UK army personnel statistics show the number of fully trained soldiers has dropped below a previous "trained strength" target of 82,000 to 78,010 – a shortfall of 3,990 fully trained troops, and the lowest total since the 18th century – and critics say the country's military faces a "potentially very, very dangerous crisis" as a result.
The figures were published July 21 as parliament closed for summer, potentially as a way of "burying bad news."
On top of the drop below a previous "cast iron" minimum, the number of people leaving the part-time Army Reserve (previously the Territorial Army) increased by 20 percent between June 1, 2016 and June 1, 2017 — while intake simultaneously fell 18 percent.
The figures raise serious questions about the UK government's aim to boost reserve figures to 30,000 by 2020, a figure fundamental to future armed forces planning since 2012, when then-Defense Secretary Philip Hammond announced cuts of 20,000 to full-time soldier numbers.
There are even suggestions the figures could covertly underplay the true scale of the forces' sizes, as the government has redefined the term "trained soldiers" to allow many reservists to be counted in the forces' "trained strength" numbers.
Whereas previously soldiers had to complete both basic training and more advanced training to be counted among the "trained strength" numbers, now they need only to have completed basic training.
While the Ministry of Defense is adamant the amendment was enacted to maximize the force available in the UK, rather than manipulate statistics, the alteration meant the "trained strength" of the Army Reserves rose 2,440 in the space of a single month, from 23,750 in September 2016 to 26,190 in October 2016.
The creative accounting allows the "trained strength" of the regular army to stand at 82,210, just meeting the 82,000 target set in 2012. Under the old definition of "trained strength," the number would stand at 78,010, but according to both measures, the number of trained troops is falling.
While there were 83,260 soldiers with at least basic training in January, there are now 82,210.
The number of fully trained troops has fallen consistently — from 82,230 in April 2015 to 79,750 in April 2016, to 78,010 as of June — an overall loss of over 4,000 fully-trained soldiers in the space of around two years.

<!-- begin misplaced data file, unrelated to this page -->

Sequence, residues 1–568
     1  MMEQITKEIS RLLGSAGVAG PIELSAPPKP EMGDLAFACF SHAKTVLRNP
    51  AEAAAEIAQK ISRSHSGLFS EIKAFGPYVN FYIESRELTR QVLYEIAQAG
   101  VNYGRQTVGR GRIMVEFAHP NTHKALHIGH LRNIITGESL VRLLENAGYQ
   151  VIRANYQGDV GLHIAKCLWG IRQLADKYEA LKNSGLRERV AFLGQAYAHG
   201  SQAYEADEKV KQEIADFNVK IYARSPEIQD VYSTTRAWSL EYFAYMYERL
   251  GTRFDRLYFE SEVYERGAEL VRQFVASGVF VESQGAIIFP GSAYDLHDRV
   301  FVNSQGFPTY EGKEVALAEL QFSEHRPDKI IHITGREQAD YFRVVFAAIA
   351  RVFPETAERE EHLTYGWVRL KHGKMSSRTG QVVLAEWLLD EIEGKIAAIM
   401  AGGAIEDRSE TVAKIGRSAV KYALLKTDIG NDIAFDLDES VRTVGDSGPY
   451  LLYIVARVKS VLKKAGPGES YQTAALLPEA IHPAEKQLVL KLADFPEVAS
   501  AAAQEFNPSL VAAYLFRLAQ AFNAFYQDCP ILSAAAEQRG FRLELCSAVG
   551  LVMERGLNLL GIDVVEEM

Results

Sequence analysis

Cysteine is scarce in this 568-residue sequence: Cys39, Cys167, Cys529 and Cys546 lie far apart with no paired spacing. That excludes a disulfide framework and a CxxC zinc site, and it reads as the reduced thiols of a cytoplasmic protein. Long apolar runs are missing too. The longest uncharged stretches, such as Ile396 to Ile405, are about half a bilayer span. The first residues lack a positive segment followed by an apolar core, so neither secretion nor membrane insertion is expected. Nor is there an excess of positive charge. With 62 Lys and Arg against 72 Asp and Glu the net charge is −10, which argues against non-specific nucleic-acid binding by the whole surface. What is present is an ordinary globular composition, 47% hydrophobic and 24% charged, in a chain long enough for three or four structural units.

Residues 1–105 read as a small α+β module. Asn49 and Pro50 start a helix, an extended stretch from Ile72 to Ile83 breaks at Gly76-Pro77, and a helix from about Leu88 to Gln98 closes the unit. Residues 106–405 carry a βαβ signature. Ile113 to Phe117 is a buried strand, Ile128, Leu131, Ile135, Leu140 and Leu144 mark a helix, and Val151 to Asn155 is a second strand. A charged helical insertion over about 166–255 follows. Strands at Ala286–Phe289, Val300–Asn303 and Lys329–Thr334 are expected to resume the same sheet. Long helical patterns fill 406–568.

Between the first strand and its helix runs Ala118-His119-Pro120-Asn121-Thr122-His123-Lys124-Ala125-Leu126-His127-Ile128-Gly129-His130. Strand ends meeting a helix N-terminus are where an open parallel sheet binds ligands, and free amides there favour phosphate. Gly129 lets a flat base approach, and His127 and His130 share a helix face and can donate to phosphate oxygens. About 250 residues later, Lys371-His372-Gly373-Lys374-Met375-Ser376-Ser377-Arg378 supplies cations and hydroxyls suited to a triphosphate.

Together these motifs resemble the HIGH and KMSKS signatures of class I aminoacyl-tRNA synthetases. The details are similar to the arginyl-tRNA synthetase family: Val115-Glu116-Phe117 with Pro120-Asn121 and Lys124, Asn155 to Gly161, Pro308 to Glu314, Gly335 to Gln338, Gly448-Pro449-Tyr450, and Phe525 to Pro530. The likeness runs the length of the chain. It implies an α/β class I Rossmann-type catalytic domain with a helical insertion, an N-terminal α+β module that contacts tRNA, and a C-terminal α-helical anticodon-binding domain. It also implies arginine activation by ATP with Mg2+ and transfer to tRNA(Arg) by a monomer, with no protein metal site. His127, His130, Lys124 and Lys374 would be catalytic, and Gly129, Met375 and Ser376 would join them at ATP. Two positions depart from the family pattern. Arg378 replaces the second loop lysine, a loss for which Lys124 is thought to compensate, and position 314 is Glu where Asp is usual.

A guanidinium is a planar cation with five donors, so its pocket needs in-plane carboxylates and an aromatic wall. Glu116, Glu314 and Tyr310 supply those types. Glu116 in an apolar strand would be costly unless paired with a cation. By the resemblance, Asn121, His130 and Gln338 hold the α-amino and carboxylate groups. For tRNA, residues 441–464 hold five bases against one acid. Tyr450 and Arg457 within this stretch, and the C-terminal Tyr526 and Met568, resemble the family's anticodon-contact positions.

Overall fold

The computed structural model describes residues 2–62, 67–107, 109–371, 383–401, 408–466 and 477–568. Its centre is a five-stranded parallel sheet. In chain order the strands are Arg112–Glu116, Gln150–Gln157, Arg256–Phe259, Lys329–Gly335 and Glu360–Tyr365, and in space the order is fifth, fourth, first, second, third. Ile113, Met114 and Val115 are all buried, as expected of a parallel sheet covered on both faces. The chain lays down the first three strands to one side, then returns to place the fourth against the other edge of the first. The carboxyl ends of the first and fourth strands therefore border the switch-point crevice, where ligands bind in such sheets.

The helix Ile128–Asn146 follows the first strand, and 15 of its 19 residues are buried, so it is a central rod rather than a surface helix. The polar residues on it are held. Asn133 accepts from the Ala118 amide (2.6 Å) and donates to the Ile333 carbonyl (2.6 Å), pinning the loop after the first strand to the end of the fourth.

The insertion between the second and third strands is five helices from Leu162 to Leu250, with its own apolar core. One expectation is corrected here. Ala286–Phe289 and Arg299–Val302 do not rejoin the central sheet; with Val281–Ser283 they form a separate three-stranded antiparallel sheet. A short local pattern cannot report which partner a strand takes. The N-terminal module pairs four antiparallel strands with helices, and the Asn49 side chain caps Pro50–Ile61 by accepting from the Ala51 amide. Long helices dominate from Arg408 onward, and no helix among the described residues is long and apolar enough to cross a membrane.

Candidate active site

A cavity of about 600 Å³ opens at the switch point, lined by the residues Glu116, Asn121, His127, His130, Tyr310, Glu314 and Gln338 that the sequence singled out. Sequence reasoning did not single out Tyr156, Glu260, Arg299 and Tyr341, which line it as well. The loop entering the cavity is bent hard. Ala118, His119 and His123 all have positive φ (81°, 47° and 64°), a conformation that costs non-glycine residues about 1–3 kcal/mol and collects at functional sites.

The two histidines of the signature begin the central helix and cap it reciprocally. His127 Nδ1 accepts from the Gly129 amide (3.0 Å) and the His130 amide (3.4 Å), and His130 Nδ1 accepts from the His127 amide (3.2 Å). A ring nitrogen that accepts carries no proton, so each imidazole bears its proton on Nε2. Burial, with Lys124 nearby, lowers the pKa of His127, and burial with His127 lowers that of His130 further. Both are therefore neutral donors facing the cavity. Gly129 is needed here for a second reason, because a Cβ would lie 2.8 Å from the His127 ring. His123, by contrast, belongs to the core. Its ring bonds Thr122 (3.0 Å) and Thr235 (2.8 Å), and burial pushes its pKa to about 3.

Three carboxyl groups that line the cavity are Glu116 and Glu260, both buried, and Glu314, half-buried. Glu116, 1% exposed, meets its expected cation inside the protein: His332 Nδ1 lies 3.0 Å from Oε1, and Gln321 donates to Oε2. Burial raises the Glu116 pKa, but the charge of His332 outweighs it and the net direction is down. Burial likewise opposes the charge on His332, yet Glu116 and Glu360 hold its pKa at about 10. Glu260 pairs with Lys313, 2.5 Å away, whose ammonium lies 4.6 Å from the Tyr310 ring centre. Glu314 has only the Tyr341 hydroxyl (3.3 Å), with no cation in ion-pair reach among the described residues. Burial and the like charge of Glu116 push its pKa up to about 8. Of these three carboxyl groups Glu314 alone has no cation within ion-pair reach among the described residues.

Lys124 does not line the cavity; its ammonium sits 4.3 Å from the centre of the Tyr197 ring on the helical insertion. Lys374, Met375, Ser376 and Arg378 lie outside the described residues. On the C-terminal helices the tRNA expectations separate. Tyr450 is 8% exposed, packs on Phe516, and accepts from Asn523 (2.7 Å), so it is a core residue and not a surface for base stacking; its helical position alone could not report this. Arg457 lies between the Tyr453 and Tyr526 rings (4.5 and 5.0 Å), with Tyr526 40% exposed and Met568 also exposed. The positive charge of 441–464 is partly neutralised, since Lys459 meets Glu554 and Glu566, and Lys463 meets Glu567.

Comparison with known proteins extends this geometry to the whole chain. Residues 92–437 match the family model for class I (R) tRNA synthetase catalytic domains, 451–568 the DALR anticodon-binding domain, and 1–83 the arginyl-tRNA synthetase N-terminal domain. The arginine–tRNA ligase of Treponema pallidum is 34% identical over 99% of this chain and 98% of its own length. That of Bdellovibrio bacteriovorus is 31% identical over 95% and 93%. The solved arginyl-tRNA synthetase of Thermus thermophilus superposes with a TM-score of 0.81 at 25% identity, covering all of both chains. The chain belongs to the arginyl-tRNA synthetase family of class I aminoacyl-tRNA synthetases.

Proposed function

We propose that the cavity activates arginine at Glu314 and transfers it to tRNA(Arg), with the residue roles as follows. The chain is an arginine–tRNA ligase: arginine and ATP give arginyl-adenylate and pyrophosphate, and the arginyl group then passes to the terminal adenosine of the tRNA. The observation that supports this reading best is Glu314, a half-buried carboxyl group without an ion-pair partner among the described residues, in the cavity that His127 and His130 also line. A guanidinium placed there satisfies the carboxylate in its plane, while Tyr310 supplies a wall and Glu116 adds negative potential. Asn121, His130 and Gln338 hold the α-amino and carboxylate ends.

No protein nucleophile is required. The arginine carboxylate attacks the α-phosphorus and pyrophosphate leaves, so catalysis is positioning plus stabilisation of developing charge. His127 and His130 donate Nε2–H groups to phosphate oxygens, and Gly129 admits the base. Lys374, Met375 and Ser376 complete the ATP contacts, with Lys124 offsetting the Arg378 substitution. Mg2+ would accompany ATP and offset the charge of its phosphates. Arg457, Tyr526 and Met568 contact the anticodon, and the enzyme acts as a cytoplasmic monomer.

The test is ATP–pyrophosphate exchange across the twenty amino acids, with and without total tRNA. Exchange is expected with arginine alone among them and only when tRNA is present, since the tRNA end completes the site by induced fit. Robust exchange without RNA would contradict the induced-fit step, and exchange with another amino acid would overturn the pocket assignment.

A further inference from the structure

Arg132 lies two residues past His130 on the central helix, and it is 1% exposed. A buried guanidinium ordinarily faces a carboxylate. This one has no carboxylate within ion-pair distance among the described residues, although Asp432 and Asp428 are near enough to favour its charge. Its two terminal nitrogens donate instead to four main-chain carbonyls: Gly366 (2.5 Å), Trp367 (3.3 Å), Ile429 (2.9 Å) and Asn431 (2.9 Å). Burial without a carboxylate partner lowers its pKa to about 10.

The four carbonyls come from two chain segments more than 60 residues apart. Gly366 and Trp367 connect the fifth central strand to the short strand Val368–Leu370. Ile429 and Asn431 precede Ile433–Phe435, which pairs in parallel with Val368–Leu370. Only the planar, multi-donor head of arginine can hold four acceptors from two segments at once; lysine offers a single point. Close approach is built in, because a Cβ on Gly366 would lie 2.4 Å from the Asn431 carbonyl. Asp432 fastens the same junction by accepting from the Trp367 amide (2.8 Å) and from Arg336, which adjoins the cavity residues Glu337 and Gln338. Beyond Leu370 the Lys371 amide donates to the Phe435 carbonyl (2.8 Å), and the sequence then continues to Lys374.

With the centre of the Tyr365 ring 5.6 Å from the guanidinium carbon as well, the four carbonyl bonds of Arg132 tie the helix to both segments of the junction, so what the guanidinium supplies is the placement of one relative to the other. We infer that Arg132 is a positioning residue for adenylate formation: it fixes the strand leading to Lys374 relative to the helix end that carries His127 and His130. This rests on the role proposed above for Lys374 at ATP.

In the Army Reserves, there are 26,730 "trained" troops, just meeting a target of having 26,700 trained reservists by April.
Ever since Hammond's cutting drive, critics have suggested such projections — which would entail a boost in recruitment by 58 percent — were fantastical.
In June 2015, the independent Major Projects Authority gave the plan a "red" rating, denoting a scheme that was unachievable.
Speaking to the mainstream media, Colonel Richard Kemp, who headed British forces in Afghanistan in 2003, said he was "extremely worried" by the figures, and blamed the government for "betraying" the country's "very high caliber" military.
"It is a very dangerous economy to make. The current size of the Armed Forces is the most worrying I have ever known it to be.
We are facing an increasing threat, while reducing our capacity to deal with it.
It doesn't take a genius to see we, as a country, are in a very dangerous situation now.
The level of instability around the world is increasing daily.
We are denying ourselves the ability to protect ourselves or to deter those who pose very serious potential threats to us.
We will pay for this in the end, as we did in the 1930s," he said.
The figures will surely add further pressure on the government to boost spending and recruitment numbers.
On July 19, Conservative MP Bob Stewart, a former United Nations commander, described the size of the UK's armed forces as "laughable" and "disgraceful" at a Westminster Hall debate, and called on ministers to exceed the NATO target of spending two percent of GDP on defense.